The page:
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On Tue, Nov 10, 2009 at 8:57 AM, spir <> wrote:
> Hello,
> Is there any builtin way to output table content? Couldn't find in docs, maybe I'm blind...
> Also, I would enjoy some clues about the reasoning for tostring(t) not doing that by default (and print(t) not writing that). Probably getting the memory address is useful in specific occasions, so there should certainly be a method for this in library "table". But the table content is certainly what we need in most cases, esp. during developpment/testing/debug phases, so that this should be the easiest output to get. Or am I missing something
> Below a (superficially tested) example of what I mean. (The func names don't pretend to be best.) Still, I guess the default output for a table should be a (flat) view of its content. Even if big (the programmer knows it).

There is no such standard function, and I believe the main reason is
loops - a table might (directly or indirectly) contain fields that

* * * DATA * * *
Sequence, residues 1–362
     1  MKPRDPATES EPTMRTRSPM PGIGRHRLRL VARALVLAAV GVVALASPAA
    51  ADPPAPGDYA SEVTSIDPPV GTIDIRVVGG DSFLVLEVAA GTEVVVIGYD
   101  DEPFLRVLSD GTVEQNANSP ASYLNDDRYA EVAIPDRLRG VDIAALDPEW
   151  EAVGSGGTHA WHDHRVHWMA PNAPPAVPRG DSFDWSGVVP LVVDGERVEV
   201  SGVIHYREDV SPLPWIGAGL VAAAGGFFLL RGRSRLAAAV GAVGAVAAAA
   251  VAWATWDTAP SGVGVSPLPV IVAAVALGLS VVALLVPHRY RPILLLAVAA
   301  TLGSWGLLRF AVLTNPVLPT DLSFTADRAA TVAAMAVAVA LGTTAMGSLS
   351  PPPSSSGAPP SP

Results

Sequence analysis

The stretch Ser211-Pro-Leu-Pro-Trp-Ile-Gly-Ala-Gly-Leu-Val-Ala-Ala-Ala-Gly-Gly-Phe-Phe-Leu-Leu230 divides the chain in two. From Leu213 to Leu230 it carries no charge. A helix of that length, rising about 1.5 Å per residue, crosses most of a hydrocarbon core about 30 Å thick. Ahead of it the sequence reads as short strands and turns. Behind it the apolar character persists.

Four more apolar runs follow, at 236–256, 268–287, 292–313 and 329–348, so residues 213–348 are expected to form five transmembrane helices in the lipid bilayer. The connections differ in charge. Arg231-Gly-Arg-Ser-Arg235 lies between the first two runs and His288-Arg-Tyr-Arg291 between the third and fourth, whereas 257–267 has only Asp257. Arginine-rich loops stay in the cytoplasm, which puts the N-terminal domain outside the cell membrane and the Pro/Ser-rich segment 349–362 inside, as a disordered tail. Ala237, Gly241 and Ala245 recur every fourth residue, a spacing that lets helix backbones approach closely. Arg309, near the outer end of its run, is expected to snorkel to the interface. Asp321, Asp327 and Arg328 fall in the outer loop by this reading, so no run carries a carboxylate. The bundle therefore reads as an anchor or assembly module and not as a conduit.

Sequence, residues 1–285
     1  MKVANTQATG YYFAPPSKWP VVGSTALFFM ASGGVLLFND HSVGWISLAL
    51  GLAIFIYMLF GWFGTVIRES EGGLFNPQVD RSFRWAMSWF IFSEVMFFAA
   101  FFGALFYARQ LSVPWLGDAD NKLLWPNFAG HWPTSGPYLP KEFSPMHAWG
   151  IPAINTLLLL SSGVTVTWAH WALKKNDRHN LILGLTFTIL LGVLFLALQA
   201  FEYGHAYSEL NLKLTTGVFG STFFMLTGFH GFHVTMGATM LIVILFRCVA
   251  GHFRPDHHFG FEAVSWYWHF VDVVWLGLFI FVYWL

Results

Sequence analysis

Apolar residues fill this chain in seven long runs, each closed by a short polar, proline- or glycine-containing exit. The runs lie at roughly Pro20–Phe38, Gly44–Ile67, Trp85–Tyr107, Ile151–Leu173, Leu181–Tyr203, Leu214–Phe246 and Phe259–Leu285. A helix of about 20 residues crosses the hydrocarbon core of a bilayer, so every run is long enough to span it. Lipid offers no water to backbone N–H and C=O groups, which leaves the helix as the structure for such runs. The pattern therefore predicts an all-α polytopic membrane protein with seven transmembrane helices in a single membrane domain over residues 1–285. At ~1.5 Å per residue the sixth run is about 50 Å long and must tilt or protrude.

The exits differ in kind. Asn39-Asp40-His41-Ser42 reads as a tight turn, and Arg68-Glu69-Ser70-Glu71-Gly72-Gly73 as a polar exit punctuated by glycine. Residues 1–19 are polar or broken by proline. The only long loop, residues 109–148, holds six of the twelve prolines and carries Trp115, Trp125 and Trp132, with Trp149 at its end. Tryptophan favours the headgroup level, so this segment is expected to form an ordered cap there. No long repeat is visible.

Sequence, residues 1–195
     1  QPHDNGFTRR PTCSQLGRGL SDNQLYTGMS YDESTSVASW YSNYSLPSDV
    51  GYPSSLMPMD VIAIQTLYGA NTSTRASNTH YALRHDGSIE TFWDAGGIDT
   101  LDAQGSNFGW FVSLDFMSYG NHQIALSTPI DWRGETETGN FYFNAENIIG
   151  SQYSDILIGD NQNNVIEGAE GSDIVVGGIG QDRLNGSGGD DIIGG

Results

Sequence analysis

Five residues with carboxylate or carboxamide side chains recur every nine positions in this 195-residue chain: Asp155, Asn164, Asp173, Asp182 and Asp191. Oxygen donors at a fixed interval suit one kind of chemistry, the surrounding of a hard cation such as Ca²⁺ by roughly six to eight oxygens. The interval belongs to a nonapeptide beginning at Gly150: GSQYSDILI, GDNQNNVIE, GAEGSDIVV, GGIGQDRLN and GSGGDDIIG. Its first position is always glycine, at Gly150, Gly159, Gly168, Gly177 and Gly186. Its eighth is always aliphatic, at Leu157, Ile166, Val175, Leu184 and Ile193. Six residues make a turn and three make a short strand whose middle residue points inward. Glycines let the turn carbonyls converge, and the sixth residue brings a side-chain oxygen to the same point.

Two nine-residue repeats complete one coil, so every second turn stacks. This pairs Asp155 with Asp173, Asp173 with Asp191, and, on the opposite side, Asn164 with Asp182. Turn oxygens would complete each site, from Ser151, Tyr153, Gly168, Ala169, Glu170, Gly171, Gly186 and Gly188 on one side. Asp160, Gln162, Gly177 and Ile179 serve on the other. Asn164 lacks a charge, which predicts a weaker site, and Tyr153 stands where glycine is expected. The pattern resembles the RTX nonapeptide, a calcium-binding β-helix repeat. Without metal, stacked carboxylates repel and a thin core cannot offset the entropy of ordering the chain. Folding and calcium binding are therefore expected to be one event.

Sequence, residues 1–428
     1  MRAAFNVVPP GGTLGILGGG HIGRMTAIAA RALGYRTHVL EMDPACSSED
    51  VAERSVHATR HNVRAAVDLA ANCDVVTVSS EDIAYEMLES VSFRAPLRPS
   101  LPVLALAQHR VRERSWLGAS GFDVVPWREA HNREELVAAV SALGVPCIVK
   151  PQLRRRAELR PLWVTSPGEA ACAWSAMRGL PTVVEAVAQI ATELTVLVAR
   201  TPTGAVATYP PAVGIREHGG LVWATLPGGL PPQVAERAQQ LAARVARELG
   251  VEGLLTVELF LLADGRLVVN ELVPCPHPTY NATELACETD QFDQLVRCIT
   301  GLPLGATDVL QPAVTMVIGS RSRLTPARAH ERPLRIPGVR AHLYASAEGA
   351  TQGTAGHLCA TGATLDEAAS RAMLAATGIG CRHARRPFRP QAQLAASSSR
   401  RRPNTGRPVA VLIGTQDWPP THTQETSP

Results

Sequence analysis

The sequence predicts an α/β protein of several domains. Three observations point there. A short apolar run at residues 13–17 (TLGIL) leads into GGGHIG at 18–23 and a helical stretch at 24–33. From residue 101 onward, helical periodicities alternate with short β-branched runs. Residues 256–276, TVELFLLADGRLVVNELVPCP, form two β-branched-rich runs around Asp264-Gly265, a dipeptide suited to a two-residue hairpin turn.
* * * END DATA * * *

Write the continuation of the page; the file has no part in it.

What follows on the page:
refer to the table itself. For example, the global variable _G is a
reference to the global variables table itself, so if you try to use
your function to display _G then it will get into an infinite loop
trying to display _G._G._G._G...

Now, of course you can rewrite your print function to keep track of
the hierarchy and stop itself when it detects it is about to go into
an infinite loop. But, what do you output instead? It is not trivial
to be concise, meaningful, unambiguous and fit for all purposes here,
as a standard function would have to be.

One thing you should be also be aware of is that the keys of a Lua
table can be (almost) any value, not only a string. For example, this
would be valid thing to do in T.test():

  local abcd = {a=1, b=2, c=3, d=4}
  circle[abcd] = true

...and would eventually cause an error at 'key .. T.KS', since 'key'
would be a table not a string. Having a representation that displays
tables-as-keys nicely is also not that easy.